It is mounted on to a 40mm round base which is modelled, in my usual manner with pieces of broken cork and fine sand.

I am pleased with the result, but feel the colour scheme is still a little too pale and 'washed-out'. This being the smallest figure in the group of four, has been painted much paler than the other three will be. I am still to decide if this finish is right.

Colour note;
I would say that the actual miniature colour (rather than the colour shown on the computer) is slightly bluer.


Thursday, 4 December 2008

Flash Gordon - Harpy Bats

I recently enquired of members of the Lead Adventure Forum if any reader could suggest a suitable miniature that I could use to model Harpy Bats from the Alex Raymond Flash Gordon comic strips to accompany my 40mm Flash Gordon figures.


It was suggested by Rhoderic, that Wyverns from Kallistra Ltd might, with a little re-modelling work. I purchased a set of three ORC FLYERS - code 110 from the Hordes & Heroes 10mm collection and with a small amount of modelling, some brute force (to bend the wings, necks and tails into different poses) and a couple of minutes painting, I had my Harpy Bats.

Each miniature is 45mm long and mounted on a 40mm round base with the clear section from a Games Workshop flying base. A very easy conversion and group of model to add to the Flash collection - thank you Rhoderik.

A colony of Harpy Bats!

My 200th post

My two hundredth post! And still going.

I have always been interested in making models, some of my first memories were my father building early Aurora plastic kits of airplanes and a grizzly bear diorama? Dad was an old school modeller and used to say that if a model was made from anything other than balsa and tissue – to was not a real model. However he also built ships in bottles and these were just fantastic little sculptures that I have never been able to copy or match. In addition my grandfather would make models, out of card, resin and wood. He also had a railway layout that filled a whole bedroom and I was allowed to run 'The Lord of the Isles' - a very special engine to me around the layout and ‘trouble shoot’ when engines or wagons stuck. That’s working with electricity and scalpels, all long before I was ten years of age.

I was born and brought up in Swansea, South Wales, where I regularly visited a now long gone model shop called REDANAS and later THE SWANSEA MODEL SHOP (which moved a number of times and is now also long gone). Later I built Airfix construction kits, tanks, planes and cars, as well as painting both the 1/72nd and 1/32nd scale plastic soldier sets – a box of 1/32nd Highlander Infantry being a very strong memory. Painting the tartan with Humbrol Enamels.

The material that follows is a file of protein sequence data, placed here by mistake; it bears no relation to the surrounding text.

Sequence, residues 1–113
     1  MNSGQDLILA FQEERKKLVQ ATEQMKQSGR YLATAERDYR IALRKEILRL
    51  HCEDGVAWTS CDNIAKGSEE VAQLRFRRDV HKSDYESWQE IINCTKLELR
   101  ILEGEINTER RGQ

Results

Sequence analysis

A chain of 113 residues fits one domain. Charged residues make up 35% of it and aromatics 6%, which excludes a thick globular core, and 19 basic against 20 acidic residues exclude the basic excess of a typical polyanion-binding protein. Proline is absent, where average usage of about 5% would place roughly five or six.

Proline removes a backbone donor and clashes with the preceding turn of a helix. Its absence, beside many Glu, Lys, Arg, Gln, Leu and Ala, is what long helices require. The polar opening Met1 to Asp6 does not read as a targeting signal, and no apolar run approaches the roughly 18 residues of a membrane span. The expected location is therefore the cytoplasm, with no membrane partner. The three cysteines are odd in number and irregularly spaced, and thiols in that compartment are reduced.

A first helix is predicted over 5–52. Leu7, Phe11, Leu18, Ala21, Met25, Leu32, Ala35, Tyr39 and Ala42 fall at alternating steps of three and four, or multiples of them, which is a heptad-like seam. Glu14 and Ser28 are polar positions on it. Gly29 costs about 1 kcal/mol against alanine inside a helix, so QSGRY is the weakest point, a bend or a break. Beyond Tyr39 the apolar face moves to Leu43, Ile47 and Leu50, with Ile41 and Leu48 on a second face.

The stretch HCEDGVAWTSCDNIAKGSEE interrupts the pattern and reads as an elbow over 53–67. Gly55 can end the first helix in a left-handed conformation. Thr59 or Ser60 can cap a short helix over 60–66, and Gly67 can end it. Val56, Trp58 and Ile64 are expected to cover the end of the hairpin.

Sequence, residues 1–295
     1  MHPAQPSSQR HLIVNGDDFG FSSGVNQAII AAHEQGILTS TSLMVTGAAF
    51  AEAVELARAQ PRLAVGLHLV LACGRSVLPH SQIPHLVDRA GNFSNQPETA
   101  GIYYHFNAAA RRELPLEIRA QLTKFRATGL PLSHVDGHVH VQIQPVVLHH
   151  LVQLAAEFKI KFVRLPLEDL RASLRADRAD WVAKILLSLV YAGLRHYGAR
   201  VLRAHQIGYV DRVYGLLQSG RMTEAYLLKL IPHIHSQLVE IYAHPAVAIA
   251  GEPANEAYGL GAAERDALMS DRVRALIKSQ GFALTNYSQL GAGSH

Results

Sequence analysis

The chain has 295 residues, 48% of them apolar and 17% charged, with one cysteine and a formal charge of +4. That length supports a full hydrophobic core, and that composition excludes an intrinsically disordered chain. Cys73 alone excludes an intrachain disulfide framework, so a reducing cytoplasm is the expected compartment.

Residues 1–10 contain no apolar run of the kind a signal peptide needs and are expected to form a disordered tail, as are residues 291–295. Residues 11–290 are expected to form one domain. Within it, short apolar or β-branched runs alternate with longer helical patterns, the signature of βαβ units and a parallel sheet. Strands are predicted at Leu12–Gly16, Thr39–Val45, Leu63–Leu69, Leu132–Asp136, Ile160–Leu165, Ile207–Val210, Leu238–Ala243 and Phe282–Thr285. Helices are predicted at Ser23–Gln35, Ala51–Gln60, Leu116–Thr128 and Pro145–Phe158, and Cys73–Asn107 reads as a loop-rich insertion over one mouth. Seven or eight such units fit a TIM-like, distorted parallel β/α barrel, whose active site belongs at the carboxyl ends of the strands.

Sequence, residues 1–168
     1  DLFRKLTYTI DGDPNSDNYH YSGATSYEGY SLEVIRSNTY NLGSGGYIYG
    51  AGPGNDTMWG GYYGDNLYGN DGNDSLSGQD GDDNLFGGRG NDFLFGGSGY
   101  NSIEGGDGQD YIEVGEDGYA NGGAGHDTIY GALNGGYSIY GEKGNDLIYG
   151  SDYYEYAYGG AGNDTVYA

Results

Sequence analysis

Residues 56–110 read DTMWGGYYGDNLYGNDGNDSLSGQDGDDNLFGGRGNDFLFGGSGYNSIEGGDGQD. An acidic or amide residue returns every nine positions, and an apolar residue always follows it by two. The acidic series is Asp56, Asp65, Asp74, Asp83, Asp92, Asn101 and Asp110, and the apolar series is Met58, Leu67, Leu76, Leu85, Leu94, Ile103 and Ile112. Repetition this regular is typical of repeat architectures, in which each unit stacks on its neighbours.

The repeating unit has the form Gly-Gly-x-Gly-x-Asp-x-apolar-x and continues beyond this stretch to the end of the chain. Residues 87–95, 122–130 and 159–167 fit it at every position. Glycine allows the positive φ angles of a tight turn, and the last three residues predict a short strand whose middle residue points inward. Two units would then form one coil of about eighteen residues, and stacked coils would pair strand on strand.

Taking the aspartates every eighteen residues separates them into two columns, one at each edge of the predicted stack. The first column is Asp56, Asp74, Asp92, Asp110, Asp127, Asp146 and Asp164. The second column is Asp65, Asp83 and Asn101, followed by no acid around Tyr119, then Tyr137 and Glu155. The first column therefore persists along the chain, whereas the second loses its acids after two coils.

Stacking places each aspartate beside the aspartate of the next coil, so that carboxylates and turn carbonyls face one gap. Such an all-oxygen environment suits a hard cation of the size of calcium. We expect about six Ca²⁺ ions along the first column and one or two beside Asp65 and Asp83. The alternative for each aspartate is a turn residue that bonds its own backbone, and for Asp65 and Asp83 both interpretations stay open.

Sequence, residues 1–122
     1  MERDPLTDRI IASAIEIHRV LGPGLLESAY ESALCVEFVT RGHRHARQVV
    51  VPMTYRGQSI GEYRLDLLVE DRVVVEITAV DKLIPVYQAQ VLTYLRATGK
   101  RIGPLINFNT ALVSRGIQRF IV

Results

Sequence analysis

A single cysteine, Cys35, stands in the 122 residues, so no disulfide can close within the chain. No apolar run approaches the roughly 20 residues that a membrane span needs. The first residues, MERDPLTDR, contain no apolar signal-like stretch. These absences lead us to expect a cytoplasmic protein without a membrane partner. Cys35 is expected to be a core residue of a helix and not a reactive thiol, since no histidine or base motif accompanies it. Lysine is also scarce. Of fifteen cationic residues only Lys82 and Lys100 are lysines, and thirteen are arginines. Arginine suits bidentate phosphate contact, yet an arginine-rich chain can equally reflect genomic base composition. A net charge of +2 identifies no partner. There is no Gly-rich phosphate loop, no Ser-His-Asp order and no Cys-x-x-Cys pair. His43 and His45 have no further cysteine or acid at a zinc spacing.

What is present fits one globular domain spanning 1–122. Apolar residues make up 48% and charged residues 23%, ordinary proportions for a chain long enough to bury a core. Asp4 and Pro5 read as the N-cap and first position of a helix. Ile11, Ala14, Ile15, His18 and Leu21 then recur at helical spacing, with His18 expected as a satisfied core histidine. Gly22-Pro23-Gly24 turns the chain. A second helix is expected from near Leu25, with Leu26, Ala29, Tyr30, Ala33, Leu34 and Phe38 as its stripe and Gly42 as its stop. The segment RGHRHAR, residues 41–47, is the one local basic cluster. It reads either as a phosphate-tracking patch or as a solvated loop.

While still at school, I was fortunate to be introduced to a wargames club at Swansea University where American Civil War games were played on a regular basis. I still have a very strong and pleasant memory of students and lecturers allowing a spotty teenage boy to play with their precious Union regiments and even command a regiment or two during a large game! This was around the time of D&D coming to the UK and once again the same group would sometimes allow a teenager to take part. I collected highly modified (with placticine and PVA glue) 1/32nd fantasy models which I was very proud of.

So, from here I started to collect and paint very early Citadel figures which were painted with tube acrylic paint and although the finished article would be frowned upon today – I was still learning and enjoyed myself. Wargames and role playing was carried out at home, with a group of like-minded friends (which I still have and we often talk about those early days) and a wargame club that used to meet in an old church near the City centre on a Sunday afternoon. Great memories.

It was around this time that I started to collect White Dwarf (and still have issues dating back to issue 12 in the attic – something I doubt I will ever get rid of). An Uncle of mine, modelled airplanes and even had a railway layout (he still does) and allowed me to borrow books and magazines (he still does - the most recent 'borrow' is an anthology of Mechano Magazine articles).

As time went on I left school met a girl, Sue (now my wife) and had children, Holly my beautiful daughter and Gary my successful son. All through these years I have collected painted and played with model soldiers, planes and tanks. (My daughter stated quite recently that the smell of varnish - drying on model soldiers was the over-riding smell memory of her childhood). My interests are quite mixed and although this Blog shows many Victorian Science Fiction, and Space Modelling. I regularly model WW1 aircraft and build historical models both for myself and others. My main modelling interests at this time are; Flash Gordon, Flintloque, VSF (Victorian Science Fiction) and scratch building terrain. All of these subjects are featured on this Blog. Other interests are Warhammer Fantasy - the early rules and figures, of which I have loads and narrow gauge railways. One final point - I love reading about making or painting or wargaming with models and have a very large collection of books, magazines and articles that I regularly read, re-read and re-read again.

I have also built my own model railway layouts – narrow gauge layouts with scratch built engines, rolling stock and buildings which have featured a number of specialist modelling magazines. Some of the engines I still have and I am sure I will return to this modelling pastime at some stage as I still visit model railway shops and shows.

I have written before that I feel I am a modeller first – a painter second and a wargamer third. I do not believe that this has changed. Thank you to all who have discussed modelling and painting with me. Of special note are three people who are no longer with us – my Father Ken, my Grandfather David and Roy Disley, who used to run the BMSS (the British Model Soldier Society) in Worcester and allowed me to develop my modelling and painting skills under his tutelage.